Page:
Over the past few weeks, Nebraska Children has been sharing Field Journals highlighting experiences from the Conservation Management Summer Internship program. Building on the past two installments from Dakota Staggs and the boys group, we pick up with our group of youth from Omaha’s Girls Inc. and their mentor, Kyann LeViner.
My name is Kyann LeViner, and I was the Conservation Management Internship mentor for a rambunctious group of high school girls: Aliyah, Salena, and Miracle. We came from a variety of backgrounds and had a range of plans for the future, but right then we were ready to start our journey together. We started in Omaha, where the girls were from, and the girls and I got to know each other over retail therapy by shopping for supplies for our two-week journey. After our exhausting day shopping, we went to stay at Anne Hubbard’s house. We were greeted by a smile and two wagging tails — the girls spent a couple of days bonding with Nigel and Diva, Anne’s dogs.
Fontenelle Forest & The Henry Doorly Zoo
Fontenelle Forest was an adventure for the girls. When we arrived, we were met by Jim. He would be our guide for the first two days of our trip, and for that we were grateful. Jim was not only excited to have us, but knowledgeable on everything from trees to bugs and beyond. We started our Fontenelle adventure by lopping down trees on the trails. The girls and I now have an appreciation for how much work really goes into maintaining those hiking trails we all love so dearly. While we were lopping these trails, we learned the history of the people who lived there and got to see the earth lodges they called home.
The next day, we set out again in the morning ready to lop some more trials. We were pleasantly surprised when we started out at Raptor Recovery with Veronica instead. At Raptor Recovery, they house birds of prey that would otherwise not survive in the wild. We helped clean some of their cages and prepare their food. This was an interesting experience since we didn’t realize how much they eat or how dirty they could be. Some of the birds were even trained! Miracle, who was scared of the birds before this experience, was able to stand within 6 feet of the birds after realizing they wouldn’t hurt her.
After being with the birds, we went with Jim to clear some more trails. This was a hot day, and the girls worked very hard. Hopefully the trails still look good! After cutting down the trees, we got to go to the Henry Doorly Zoo for a behind-the-scenes tour from Dan the curator. This was an amazing experience! We started out with the giraffes, where the girls got to feed them — not only with their hands but with their mouths, too! The giraffe reached out her long blue tongue, wrapped it around the romaine lettuce, and just snatched it. She was picky about what part of the lettuce she was going to take first, though — she started with the leaves and if only the core was left, then it was acceptable.
After the giraffes at the zoo, we went to go see the lab and research area. The head vet took us for a tour and explained all of the innovative research they do for conservation. We were surprised to find out that at a zoo full of animals, they do research on plants too! Next was on to the rhinoceros. They weren’t inside, but we got to see their environment and learn about the training they underwent. We then went to see the lions. This was the girls’ favorite part because one of the lions even pounced at the side of the cage! The zoo trip was very eventful, and we learned a lot.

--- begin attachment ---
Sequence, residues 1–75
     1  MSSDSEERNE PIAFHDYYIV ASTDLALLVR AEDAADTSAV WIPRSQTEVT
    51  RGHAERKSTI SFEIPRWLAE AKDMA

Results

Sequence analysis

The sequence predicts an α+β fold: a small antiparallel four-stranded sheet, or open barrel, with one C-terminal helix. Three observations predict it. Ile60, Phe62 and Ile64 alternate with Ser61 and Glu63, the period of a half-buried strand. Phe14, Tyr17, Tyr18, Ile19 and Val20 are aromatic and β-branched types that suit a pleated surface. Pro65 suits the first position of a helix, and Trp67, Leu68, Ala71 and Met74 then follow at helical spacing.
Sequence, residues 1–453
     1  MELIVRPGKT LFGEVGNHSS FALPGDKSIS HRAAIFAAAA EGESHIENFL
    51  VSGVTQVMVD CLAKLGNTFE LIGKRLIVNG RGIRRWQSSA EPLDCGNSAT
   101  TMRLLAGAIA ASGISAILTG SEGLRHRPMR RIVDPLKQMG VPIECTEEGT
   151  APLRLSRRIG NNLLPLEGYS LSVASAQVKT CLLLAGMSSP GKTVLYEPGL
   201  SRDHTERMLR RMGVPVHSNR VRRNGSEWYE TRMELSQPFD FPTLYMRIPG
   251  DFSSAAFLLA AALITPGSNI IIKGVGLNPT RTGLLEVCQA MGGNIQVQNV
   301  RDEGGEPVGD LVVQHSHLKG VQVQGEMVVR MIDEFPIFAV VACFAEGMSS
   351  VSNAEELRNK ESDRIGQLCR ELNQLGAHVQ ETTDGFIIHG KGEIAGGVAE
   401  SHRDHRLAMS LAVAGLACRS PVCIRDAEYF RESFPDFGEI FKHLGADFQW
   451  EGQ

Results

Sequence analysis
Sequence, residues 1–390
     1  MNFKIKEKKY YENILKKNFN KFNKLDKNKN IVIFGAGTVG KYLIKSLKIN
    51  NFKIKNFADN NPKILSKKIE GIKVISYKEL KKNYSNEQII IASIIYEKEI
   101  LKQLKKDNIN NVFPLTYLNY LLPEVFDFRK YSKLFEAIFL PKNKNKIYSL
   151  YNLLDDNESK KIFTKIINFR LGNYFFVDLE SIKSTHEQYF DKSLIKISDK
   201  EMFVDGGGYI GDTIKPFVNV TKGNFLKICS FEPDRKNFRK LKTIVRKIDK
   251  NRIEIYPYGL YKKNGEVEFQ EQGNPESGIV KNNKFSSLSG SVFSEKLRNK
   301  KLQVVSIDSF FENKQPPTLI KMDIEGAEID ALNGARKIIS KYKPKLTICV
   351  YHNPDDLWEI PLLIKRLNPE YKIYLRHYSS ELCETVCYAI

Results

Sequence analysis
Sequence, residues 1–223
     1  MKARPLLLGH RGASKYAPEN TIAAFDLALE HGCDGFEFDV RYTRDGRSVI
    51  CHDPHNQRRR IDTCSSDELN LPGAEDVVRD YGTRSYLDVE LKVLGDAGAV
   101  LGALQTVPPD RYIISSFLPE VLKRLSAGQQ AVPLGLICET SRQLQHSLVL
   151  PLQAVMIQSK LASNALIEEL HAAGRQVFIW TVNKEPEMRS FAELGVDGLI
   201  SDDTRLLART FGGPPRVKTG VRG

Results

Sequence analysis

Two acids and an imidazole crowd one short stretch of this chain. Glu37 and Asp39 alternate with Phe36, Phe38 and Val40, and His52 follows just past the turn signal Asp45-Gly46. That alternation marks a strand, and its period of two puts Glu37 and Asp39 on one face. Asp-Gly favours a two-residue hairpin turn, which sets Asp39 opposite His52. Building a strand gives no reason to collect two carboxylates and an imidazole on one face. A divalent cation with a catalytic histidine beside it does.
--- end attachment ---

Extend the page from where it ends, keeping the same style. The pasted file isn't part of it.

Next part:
Ponca State Park
Another stop on our trip was Ponca State Park. The cabins at the park were beautiful, and we enjoyed swimming at the pool and all the nature we saw. In the morning, we got to paint targets for the shooting ranges that looked like characters from Ice Age. Turns out the girls were very good at this and may even be budding Picassos. We took a break to go shoot some muzzle loaders, and the girls hit their targets — there was a bit of trouble learning how to load them, though! After muzzle loading, we went back to painting, finished our targets, and headed to lunch. There, we got to learn how to cook in a dutch oven and had delicious apple cobbler. After that, we got to take a much-needed nap before we headed off to go kayaking. The girls were very good at this, and we went up and down the back area of the Missouri River. Miracle tipped her kayak over, though, and had to be “rescued.” We all had a good laugh about this — even Miracle.
Arbor Day Farm
The next morning we were off and on our way to the Arbor Day Farm. Joel greeted us at the farm and we started pulling weeds right away! There was a lot of work to do for an upcoming wedding. We were hard at work for two hours when we were swifted away to go have the best slushies ever: apple cider slushies! After a long day’s work and delicious slushies, we got to relax and swim in their Olympic-sized pool. The next day, we pulled some more weeds and finished our work at Arbor Day Farm.
We hope you’ve enjoyed this glimpse into the Conservation Management Summer Internship program! These amazing experiences would not have been possible without the active support of our partners and the generous support from the Claire M. Hubbard Foundation. Key partners include the two youth-serving organizations – Girls Inc. and Native Futures – and a host of essential program partners, including Nebraska Game and Parks Commission, The Arbor Day Foundation, the Abbott Family Ranch, Audubon Society/Rowe Sanctuary, the Henry Doorly Zoo and Aquarium, Fontenelle Forest Nature Center, and the University of Nebraska.
We are looking forward to continuing to pilot and refining the Conservation Management Summer Internship next summer and in growing the partnerships surrounding this work. If interested, please reach out to us to let us know how you would like to be involved in this exciting work.
Leave a Reply